Top presidential hopefuls, except Biden, open to a Supreme Court revamp
Top Democratic presidential candidates appear universally opposed to the major Supreme Court decisions that have recently reshaped American politics but are split on whether or even how to reshape the high court itself.
But controversial Supreme Court decisions, such as loosening the reins on campaign finance, allowing for extreme partisan gerrymandering and gutting the core of the Voting Rights Act, have at least some Democrats talking about overhauling the judicial branch.
In the 1930s, President Franklin D. Roosevelt — another Democrat unhappy with a conservative-majority high court — championed legislation to add an additional six justices to the bench. His plan, which was dubbed "court packing," got nowhere in the end.
At a campaign event Friday in Iowa, Democratic frontrunner Joe Biden said he opposed expanding the number of justices.
"No, I'm not prepared to go on and try to pack the court, because we'll live to rue that day," the former vice president told the Iowa Starting Line.
Other Democratic hopefuls have offered other plans to remake the Supreme Court, where the majority of five conservatives could remain a long-term obstacle to lasting changes in the name of democracy reform.
During the first Democratic debates, Bernie Sanders said he opposed FDR-style court packing and offered an alternative.
"We've got a terrible 5-4 majority conservative court right now," the Vermont senator said. "But I do believe constitutionally we have the power to rotate judges to other courts and that brings in new blood into the Supreme Court."
That idea isn't new — nor is it a radical liberal one.
Seven years ago, a University of Missouri law professor named Josh Hawley wrote a piece for National Affairs titled "The Most Dangerous Branch." He argued there was nothing inherently unconstitutional about rotating judges from the lower federal appeals courts through the Supreme Court. Now Hawley is in his first year as a Republican senator from Missouri, with a seat on the Judiciary Committee.
"Congress could stipulate that the Supreme Court be staffed with nine life-tenured judges drawn at random from the courts of appeals. These judges would serve on the Supreme Court for a term of several years, and then return to their original appointed posts on the lower appellate courts, to be replaced by another group of nine drawn by lot," he wrote in 2012. "Justices would thus acquire incentives for caution and moderation rather than judicial aggrandizement."
Among top-polling Democrats, only Sanders has mentioned rotating judges. Others in the presidential field have less defined strategies to mollify progressive voters upset by recent Supreme Court rulings – but few have ruled out court packing.
In March, both Elizabeth Warren and Kamala Harris told Politico they were open to the idea.
"It's a conversation that's worth having," Warren, a Massachusetts senator, said.
Harris, a senator from California whose polling has improved significantly since the first debate, said "everything is on the table." Harris also said she's "open" to another reform idea: applying term limits on justices, the pros and cons of which are debated in legal circles.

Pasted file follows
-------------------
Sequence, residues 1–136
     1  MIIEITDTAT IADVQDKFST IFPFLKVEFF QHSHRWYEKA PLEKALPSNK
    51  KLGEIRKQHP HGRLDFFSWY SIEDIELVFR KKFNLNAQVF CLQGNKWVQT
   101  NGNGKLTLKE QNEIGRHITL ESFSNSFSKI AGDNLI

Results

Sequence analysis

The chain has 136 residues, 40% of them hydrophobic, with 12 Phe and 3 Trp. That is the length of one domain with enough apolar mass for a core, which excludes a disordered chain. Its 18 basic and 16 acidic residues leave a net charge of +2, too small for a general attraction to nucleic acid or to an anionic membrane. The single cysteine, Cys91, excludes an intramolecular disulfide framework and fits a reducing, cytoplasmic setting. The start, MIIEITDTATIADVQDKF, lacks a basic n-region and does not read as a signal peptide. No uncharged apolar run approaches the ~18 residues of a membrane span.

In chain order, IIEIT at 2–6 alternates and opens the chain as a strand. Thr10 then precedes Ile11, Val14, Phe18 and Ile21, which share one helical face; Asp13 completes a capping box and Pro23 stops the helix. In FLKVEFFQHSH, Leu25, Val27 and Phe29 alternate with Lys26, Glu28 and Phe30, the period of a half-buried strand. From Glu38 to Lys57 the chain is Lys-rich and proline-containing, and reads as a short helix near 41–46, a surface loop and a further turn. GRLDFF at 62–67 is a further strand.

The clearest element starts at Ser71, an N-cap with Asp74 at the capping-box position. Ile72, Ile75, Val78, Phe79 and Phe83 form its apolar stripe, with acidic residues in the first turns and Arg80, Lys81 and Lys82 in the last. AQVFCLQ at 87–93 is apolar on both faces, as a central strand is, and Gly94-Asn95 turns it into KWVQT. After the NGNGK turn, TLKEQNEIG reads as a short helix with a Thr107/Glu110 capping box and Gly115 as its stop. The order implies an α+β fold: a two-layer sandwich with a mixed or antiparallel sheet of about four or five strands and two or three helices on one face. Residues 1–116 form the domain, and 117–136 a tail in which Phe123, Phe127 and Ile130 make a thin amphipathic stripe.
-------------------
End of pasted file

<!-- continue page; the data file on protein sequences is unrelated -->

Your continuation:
Biden, whose campaign website doesn't propose any changes in the judiciary, told a woman in Iowa last week that he opposes term limits for Supreme Court justices as well as court packing.
Mayor Pete Buttigieg of South Bend, Ind., appears to be the only candidate regularly polling as a top-five contender who explicitly supports growing the size of the Supreme Court. He has called for a court of 15 justices, with 10 "confirmed in the normal political fashion" and the others promoted from the lower courts "by unanimous agreement of the other 10."
The Federal Election Commission has once again punted on establishing rules for identifying who is sponsoring online political advertisements. Thursday marked the fourth consecutive meeting in which the topic fell to the wayside without a clear path forward.
FEC Chairwoman Ellen Weintraub revived debate on the topic in June when she introduced a proposal on how to regulate online political ads. In her proposal, she said the growing threat of misinformation meant that requiring transparency for political ads was "a small but necessary step."
Vice Chairman Matthew Petersen and Commissioner Caroline Hunter put forth their own proposal soon after Weintraub, but the commissioners have failed to find any middle ground. At Thursday's meeting, a decision on the agenda item was pushed off to a later date.
Weintraub's proposal says the funding source should be clearly visible on the face of the ad, with some allowance for abbreviations. But Petersen and Hunter want to allow more flexibility for tiny ads that cannot accommodate these disclaimers due to space.
The California Supreme Court is fast-tracking its review of a challenge to a new law that would require President Trump to make public his tax returns in order to get on the state's ballot for the 2020 election.
A lawsuit seeking to block implementation of the law was filed August 6 by the California Republican Party against Secretary of State Alex Padilla. It claims the law violates California's constitution.
Two other challenges, one filed by Trump's personal lawyers, are pending in federal court.